When the Price Is Right
Why it pays to employ "off dollar" pricing strategies
It's a commonly held belief that pricing an item at 99 centsas opposed to $1 is done for psychological rather than economicreasons. Consumer psychologists contend that there's more thana cent of difference between items priced at $4.99 and $5. In asimilar vein, economists argue that when the price of an item islowered even one cent, the potential to stimulate sales is oftenenough to recoup the loss on the lower price with highervolume.
Before the invention of the cash register, dishonest salesclerks could make a surprising amount of extra money each week bypocketing cash from sales rather than turning the cash over to theowner of the store. Here's how it worked: Let's say that asales clerk in the late 1800s helped a wealthy customer pick out anew hat at Marshall Field's in Chicago. The hat sold for awhopping $2 (a lot of money in those days). When the customerpurchased the hat, the sales clerk was responsible for handling thecash transaction.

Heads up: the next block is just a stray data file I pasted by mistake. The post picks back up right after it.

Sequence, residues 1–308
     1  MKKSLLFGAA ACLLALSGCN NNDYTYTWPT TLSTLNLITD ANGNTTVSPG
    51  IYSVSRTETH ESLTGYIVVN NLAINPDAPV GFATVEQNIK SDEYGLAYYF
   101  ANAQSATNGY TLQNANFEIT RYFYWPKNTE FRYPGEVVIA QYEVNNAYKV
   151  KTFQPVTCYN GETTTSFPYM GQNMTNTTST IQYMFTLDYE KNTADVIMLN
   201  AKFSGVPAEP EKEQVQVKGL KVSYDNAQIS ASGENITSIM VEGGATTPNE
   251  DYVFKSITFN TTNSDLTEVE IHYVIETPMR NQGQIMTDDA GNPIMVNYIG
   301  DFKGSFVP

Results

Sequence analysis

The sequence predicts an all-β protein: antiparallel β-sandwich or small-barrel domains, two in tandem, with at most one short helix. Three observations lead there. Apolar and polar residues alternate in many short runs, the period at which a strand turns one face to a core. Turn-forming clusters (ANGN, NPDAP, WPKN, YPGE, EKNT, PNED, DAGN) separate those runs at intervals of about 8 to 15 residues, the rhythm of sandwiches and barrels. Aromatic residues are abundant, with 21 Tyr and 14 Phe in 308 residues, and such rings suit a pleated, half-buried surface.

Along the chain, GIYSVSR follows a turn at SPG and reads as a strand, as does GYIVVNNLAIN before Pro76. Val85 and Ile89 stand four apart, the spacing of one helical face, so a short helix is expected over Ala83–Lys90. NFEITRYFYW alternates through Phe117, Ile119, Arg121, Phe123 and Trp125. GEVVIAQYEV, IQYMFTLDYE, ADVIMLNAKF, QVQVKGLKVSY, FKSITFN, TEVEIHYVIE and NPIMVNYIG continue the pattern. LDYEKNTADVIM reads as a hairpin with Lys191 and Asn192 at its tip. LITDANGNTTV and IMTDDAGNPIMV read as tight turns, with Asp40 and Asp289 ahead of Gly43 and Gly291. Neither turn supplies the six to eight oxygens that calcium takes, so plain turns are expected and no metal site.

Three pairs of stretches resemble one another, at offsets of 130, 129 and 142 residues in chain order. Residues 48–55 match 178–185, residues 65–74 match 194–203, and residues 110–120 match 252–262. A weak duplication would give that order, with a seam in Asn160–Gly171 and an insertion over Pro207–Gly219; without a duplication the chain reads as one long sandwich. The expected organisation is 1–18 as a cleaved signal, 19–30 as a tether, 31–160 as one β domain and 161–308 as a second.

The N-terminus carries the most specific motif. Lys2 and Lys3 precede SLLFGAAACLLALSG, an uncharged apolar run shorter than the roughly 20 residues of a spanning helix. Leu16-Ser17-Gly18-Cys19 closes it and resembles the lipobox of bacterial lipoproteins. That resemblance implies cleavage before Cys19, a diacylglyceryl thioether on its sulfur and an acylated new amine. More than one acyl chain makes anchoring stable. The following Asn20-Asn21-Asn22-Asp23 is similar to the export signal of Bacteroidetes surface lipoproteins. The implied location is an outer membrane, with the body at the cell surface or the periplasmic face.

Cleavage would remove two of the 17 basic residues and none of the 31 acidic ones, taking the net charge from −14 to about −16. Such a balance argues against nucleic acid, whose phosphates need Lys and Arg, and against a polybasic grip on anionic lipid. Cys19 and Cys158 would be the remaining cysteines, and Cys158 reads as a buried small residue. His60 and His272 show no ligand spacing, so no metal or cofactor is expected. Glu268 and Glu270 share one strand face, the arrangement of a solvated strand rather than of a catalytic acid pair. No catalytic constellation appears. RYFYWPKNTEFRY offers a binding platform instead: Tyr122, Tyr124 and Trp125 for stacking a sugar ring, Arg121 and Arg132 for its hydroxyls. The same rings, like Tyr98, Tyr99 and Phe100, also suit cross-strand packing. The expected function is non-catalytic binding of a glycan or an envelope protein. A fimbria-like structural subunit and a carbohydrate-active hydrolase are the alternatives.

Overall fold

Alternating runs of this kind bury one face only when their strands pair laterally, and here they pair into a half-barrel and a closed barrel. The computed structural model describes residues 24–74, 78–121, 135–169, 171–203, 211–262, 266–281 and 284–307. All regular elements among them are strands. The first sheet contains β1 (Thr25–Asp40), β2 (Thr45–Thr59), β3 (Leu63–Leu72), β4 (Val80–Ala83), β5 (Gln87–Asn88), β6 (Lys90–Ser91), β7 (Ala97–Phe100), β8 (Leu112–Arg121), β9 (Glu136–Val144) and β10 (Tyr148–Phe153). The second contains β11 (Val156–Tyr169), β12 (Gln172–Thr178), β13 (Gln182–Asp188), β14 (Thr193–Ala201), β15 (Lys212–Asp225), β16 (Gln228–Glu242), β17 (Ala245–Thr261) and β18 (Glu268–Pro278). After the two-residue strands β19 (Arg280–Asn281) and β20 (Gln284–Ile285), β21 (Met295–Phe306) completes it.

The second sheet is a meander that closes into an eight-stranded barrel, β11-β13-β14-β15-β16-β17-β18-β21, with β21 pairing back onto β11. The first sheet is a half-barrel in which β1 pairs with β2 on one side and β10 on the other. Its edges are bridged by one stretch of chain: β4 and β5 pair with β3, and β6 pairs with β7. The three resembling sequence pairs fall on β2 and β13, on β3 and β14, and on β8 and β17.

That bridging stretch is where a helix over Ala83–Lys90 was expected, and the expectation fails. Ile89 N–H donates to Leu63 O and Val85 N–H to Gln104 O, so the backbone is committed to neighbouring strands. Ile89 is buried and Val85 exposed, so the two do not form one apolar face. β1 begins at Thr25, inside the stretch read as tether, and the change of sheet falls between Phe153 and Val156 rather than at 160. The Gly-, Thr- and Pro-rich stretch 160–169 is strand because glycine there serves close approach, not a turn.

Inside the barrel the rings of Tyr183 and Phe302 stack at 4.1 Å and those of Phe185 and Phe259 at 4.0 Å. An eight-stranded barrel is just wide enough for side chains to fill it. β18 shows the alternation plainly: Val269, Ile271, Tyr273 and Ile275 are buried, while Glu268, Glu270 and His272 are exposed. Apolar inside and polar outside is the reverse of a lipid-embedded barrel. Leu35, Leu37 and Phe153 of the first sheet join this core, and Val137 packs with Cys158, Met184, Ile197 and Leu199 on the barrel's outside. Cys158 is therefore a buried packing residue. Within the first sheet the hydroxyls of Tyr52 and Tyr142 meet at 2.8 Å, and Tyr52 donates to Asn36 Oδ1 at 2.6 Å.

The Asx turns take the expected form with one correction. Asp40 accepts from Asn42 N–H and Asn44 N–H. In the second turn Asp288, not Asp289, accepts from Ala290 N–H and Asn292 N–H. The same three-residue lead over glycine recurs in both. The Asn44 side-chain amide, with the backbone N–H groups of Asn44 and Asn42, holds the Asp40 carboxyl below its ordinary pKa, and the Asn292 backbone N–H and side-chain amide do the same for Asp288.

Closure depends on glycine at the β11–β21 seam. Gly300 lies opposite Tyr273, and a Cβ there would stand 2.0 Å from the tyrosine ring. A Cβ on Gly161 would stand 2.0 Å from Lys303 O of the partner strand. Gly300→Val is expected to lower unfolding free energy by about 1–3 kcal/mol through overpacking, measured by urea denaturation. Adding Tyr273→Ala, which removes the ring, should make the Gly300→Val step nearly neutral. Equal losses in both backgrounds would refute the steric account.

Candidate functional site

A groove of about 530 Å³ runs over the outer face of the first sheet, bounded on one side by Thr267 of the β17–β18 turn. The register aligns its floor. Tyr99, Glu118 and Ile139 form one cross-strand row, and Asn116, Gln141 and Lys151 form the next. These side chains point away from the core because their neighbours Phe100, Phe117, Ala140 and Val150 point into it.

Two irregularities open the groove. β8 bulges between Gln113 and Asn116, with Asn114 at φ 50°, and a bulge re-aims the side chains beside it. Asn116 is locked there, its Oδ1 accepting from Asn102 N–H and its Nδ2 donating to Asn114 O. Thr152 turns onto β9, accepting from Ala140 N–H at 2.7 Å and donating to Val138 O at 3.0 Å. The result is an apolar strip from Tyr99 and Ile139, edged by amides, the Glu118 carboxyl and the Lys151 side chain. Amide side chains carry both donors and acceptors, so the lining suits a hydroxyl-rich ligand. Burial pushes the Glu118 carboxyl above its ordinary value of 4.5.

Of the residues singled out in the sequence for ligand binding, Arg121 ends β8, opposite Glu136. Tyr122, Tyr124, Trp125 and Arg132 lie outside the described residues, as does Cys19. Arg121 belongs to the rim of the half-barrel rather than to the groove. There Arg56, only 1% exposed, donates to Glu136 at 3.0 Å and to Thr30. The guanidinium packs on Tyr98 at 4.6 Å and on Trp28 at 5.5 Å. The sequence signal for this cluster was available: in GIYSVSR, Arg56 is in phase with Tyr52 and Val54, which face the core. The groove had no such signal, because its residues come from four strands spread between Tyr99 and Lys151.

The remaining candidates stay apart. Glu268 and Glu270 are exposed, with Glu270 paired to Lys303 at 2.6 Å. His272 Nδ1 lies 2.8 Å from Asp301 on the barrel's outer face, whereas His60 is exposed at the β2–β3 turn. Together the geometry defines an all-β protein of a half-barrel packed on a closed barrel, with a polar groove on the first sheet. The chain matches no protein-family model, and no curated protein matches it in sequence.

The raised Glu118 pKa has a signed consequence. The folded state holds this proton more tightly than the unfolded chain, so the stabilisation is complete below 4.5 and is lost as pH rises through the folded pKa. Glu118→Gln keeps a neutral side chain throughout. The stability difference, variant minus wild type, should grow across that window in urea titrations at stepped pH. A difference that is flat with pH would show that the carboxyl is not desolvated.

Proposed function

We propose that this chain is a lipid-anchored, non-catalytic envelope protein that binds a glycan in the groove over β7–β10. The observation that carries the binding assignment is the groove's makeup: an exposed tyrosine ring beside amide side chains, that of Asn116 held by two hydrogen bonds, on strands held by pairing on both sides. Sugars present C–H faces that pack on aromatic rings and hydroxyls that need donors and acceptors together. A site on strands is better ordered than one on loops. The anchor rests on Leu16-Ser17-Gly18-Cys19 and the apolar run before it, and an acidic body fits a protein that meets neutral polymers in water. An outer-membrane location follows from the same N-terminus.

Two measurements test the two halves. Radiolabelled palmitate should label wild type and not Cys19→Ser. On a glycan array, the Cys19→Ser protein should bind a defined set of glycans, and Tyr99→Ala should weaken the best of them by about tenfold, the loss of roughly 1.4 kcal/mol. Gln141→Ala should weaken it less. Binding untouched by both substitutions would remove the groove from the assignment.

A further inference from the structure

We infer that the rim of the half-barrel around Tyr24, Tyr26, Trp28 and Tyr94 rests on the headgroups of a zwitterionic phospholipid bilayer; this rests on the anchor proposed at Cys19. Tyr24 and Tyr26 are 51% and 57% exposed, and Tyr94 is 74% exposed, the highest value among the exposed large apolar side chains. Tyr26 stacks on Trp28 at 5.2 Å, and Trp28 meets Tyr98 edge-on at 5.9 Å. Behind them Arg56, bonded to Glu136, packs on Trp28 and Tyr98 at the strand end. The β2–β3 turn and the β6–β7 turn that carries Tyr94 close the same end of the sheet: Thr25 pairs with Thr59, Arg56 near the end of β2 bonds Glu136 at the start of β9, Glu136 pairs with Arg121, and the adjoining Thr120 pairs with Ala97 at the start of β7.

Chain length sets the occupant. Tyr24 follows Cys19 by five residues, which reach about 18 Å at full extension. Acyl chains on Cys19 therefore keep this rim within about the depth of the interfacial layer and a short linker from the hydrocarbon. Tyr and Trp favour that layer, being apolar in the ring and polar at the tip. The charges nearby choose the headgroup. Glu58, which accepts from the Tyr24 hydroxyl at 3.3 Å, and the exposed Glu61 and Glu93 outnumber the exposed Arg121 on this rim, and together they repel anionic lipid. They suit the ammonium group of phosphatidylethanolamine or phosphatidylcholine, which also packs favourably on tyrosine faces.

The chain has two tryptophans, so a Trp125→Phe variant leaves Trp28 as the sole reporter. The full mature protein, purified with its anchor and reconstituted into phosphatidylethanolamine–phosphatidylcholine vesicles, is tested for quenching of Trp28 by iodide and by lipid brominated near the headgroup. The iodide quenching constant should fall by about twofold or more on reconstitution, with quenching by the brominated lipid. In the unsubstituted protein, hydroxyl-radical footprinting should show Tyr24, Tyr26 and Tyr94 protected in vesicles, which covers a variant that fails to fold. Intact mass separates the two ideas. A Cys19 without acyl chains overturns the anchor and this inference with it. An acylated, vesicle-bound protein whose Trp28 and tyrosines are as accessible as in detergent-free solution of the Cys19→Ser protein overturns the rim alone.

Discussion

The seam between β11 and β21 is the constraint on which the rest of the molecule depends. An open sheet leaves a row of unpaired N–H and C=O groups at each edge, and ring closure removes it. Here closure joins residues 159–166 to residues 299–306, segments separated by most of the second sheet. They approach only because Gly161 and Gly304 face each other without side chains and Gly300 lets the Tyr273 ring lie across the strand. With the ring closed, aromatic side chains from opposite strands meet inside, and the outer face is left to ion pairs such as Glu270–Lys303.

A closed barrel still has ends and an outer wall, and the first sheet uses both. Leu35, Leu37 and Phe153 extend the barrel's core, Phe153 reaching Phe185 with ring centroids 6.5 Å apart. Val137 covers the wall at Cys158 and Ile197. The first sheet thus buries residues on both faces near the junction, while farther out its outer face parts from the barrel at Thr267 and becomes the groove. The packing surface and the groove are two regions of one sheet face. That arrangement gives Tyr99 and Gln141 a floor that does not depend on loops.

With a sales price of $2, there was a good chance the customerwould simply hand over two $1 bills to the sales clerk and exit thestore. At this point, the clerk could easily pocket the money.However, when "off dollar" pricing strategies placed theproduct at $1.99, the clerk was forced to make change from the cashdrawer, thereby dramatically increasing the chance that transactionwould be accounted for. In those days, it was one more techniquemanagers could use to keep employees honest.
Excerpted from Ben Franklin's 12 Rules of Management